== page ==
Poet and novelist Maya Angelou laughs as she addresses the audience at the Sickle Cell Disease Association of America – Mobile Chapter’s 30th Anniversary Celebration Program on Tuesday, Sept. 12, 2006, in Mobile, Ala. (AP photo/Press-Register, John David Mercer)
NEW YORK — In her low husky voice, Maya Angelou came out singing about her love of books and libraries in an African American rendition about a rainbow.
Friday’s occasion marked the official announcement by the Schomburg Center for Research in Black Culture in Harlem of its acquisition of some 340 boxes of her personal papers. The center is part of the New York Public Library.
“God put the rainbow in the clouds ... so the viewer can see the possibility of hope. That’s what a library is,” said the 82-year-old poet, author and dramatist as she finished the song based on Genesis.
The author of “I Know Why the Caged Bird Sings” walked with difficulty on stage. But once seated, she regaled the audience with reminiscences of her Arkansas childhood and friendships with such 20th century powerhouses as novelist James Baldwin and civil rights activist Malcolm X.
Angelou said she was eight years old and a “voluntary mute” after she was raped at age seven when a teacher at her all-black school showed her the library and said, “I want you to read every book in this room.” She did — all 200-300 of them.
“No bad can happen to you in the library. You can’t be raped or mugged in a library. You can’t be talked down to, belittled, humiliated in the library,” she said. “As soon as I’m in a library, I’m OK.”
The first time she entered the grand New York Public Library on Fifth Avenue with its sweeping staircase and rooms where she could “read what happened in China in the 4th century,” she was bowled over, she said.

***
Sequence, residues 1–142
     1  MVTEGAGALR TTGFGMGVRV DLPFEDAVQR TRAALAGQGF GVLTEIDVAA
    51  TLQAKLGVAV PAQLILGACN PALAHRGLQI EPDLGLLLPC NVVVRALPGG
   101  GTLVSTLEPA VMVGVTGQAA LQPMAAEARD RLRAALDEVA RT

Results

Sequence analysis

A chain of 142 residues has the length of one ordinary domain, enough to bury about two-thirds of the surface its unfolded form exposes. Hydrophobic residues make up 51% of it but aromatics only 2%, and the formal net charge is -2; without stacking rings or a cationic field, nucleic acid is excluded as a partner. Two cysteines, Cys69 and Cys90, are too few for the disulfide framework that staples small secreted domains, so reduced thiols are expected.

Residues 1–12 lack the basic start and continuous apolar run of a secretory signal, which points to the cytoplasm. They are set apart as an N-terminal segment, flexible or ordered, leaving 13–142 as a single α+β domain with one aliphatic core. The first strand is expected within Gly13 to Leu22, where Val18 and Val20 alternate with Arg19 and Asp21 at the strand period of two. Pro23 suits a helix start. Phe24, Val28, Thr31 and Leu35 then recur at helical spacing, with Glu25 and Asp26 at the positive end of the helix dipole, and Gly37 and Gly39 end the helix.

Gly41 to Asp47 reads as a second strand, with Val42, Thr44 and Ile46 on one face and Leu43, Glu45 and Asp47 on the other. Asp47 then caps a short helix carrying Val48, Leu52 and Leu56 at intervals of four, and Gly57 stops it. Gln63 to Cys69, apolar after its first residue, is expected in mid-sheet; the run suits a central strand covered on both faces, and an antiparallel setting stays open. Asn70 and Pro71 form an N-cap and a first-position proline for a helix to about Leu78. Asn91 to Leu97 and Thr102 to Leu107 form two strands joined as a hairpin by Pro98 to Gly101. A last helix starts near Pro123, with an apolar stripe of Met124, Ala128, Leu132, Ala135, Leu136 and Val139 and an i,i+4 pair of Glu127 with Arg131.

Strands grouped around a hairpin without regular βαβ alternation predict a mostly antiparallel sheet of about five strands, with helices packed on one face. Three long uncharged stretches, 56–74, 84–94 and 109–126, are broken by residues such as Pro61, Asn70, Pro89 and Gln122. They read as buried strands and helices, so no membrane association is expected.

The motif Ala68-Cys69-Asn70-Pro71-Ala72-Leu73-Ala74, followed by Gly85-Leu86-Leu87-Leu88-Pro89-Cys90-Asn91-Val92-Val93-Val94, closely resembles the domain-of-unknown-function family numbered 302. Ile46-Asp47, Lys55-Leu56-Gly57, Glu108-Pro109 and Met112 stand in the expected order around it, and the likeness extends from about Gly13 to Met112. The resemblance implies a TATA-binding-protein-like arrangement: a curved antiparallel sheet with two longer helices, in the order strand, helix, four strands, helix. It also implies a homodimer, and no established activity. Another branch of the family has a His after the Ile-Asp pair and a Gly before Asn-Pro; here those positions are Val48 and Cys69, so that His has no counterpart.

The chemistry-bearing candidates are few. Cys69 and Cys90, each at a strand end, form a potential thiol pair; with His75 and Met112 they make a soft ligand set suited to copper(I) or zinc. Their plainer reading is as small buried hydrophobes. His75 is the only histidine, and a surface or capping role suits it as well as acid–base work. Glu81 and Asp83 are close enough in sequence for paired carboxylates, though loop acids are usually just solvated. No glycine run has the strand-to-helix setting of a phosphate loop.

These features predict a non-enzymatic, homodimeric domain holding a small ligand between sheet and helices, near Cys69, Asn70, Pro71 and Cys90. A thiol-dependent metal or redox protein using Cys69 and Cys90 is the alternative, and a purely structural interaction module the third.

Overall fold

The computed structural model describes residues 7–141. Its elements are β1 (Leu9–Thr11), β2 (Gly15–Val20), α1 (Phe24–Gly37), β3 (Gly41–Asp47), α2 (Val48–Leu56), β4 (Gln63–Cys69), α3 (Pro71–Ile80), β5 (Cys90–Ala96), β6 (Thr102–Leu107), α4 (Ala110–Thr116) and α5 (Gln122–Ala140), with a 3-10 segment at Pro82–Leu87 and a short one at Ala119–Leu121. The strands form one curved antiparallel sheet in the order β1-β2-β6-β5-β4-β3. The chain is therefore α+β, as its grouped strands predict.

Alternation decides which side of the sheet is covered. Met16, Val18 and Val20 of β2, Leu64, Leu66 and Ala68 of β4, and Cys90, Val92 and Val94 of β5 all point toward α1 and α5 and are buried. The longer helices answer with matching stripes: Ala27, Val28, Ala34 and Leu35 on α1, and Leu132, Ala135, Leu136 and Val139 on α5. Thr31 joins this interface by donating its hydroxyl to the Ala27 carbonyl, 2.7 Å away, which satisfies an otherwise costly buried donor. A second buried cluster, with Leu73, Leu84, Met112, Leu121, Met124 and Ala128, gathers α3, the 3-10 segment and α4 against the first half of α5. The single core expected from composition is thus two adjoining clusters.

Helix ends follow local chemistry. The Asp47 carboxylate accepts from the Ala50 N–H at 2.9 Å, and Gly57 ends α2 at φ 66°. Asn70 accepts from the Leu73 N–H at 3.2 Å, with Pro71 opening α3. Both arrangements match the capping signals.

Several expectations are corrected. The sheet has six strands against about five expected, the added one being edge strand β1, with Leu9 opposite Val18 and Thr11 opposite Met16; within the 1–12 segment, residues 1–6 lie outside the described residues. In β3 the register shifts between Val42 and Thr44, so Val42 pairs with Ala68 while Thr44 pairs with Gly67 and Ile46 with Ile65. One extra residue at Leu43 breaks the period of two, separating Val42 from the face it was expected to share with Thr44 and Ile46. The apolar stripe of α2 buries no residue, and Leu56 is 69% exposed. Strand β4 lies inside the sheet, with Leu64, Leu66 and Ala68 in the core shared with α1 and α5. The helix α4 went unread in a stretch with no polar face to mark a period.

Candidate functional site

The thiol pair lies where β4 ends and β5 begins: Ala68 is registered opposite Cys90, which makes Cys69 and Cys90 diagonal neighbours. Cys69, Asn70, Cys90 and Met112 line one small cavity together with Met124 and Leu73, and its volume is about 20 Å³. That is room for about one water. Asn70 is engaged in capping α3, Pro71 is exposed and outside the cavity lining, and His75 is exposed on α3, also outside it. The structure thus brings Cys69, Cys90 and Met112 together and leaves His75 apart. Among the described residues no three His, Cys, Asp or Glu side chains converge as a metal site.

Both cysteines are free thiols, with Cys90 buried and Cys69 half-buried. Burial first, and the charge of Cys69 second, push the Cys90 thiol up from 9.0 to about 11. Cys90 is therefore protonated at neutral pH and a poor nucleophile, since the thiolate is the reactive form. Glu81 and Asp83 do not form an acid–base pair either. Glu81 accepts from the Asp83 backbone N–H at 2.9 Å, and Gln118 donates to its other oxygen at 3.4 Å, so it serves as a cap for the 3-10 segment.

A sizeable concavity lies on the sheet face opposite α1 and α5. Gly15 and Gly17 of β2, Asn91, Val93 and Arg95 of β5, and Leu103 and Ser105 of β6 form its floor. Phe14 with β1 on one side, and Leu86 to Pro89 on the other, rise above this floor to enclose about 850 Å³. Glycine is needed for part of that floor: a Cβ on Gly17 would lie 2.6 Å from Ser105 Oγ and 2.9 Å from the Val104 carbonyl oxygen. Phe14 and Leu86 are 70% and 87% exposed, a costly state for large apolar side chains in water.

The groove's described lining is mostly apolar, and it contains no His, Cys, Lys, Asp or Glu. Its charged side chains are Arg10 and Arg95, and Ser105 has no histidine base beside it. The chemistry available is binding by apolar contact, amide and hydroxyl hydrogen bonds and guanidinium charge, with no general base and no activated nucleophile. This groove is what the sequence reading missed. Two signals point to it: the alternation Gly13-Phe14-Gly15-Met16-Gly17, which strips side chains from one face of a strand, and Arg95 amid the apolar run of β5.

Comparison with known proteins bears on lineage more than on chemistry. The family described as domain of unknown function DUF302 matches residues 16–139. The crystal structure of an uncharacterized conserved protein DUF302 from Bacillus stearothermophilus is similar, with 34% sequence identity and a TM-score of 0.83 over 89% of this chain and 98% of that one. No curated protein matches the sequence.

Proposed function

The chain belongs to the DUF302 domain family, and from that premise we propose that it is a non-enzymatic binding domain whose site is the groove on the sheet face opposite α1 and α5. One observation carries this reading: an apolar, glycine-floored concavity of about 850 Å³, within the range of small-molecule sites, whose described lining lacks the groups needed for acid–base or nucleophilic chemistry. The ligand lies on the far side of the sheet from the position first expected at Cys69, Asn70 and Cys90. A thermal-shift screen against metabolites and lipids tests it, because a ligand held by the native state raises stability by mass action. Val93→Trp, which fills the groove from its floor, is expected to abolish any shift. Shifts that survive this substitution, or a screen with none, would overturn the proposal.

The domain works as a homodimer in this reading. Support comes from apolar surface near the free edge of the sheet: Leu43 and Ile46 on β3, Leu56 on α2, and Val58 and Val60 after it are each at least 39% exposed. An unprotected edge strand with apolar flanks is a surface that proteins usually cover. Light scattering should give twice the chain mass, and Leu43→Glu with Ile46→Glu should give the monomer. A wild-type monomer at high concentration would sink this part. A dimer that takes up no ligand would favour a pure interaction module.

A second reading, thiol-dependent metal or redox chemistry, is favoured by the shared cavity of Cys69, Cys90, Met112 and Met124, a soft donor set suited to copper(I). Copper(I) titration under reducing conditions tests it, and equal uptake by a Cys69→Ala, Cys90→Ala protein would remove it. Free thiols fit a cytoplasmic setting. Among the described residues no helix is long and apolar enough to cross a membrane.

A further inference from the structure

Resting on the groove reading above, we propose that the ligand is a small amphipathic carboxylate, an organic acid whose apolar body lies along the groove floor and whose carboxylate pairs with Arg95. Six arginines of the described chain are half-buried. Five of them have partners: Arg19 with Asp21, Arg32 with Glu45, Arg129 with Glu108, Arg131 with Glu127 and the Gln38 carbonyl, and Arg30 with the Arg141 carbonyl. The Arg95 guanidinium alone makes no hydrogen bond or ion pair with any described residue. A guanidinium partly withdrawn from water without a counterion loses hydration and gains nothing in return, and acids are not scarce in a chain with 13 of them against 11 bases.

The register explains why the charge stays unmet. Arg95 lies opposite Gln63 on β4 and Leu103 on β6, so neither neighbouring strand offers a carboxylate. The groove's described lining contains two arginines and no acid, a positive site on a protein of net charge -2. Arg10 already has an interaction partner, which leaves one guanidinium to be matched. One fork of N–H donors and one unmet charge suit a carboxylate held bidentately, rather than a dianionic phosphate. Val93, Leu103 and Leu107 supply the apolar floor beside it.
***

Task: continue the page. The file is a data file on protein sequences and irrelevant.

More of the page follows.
“It still makes me weak in the knees to think that I can go into any library in the world and nobody can keep me out,” she told the AP.
The decision to house her papers at the Schomburg — the world’s largest repository of material on people of African descent — was “so easy,” said Angelou, who’s donated other material there over the years, including a collection of letters from Booker T. Washington and Frederick Douglass.
As the Schomburg’s national membership chair, she’s raised $7 million, said library Director Howard Dodson.
Angelou recalled for the audience how the books at her Arkansas elementary school, which were donated by whites, were often coverless and tattered. But by the time she and her classmates were done with them, decorating them with cotton and pretty cloth, “the books were so beautiful,” she said.
She recounted how an English friend whose father was a famous Communist and friend of Paul Robeson gave her tapes of the actor-singer in concert supposedly in Hungary, knowing how much she loved African Americana.
Angelou said she couldn’t get anyone in her home state of North Carolina to transfer the tapes into film so she turned to Dodson. It was Dodson, she said, who discovered that the concert was not in Hungary at all but taped at a church in New Jersey after Robeson’s passport was revoked for his political views in the 1950s. The tapes were then smuggled out of the country, she said.
Angelou also recalled an incident involving Baldwin.
In her famous storytelling style, she said the “Native Son” author, who was all of 5-foot-5-inches “in wedges,” came to her rescue after taking her to “a joint” that reeked of “Lysol and urine.” He had briefly left her alone at the bar and returned to find a burly man pestering her.
She said Baldwin came right in between her and the man and said: “You’ve been taking care of her for me? You’re dismissed now,” and then added an expletive that Angelou repeated for the audience, which roared with laughter.
Angelou has been nominated for a Pulitzer Prize for her “Give Me A Cool Drink of Water ‘fore I Diiie,” written 31 books and penned a poem for Bill Clinton’s 1993 inauguration. Her newest book, out in December, is “Good Food, All Day Long: Cook Splendidly, Eat Smart,” a cookbook filled with autobiographical sketches of how the recipes came to be.
In the interview from her home in Winston-Salem, N.C., she said selecting the most relevant papers from her private collection was “a little like who’s the most important of your children.”
But she’s glad to be parting with the material.
“Friends of mine are dying with such rapidity that it’s heart breaking,” she said. “I said, ‘Let me take care of this now ‘cause you can’t look around the corner.’ I hope it’s not a signal that I’m about to leave, but in case I am, I want my papers at the Schomburg.”
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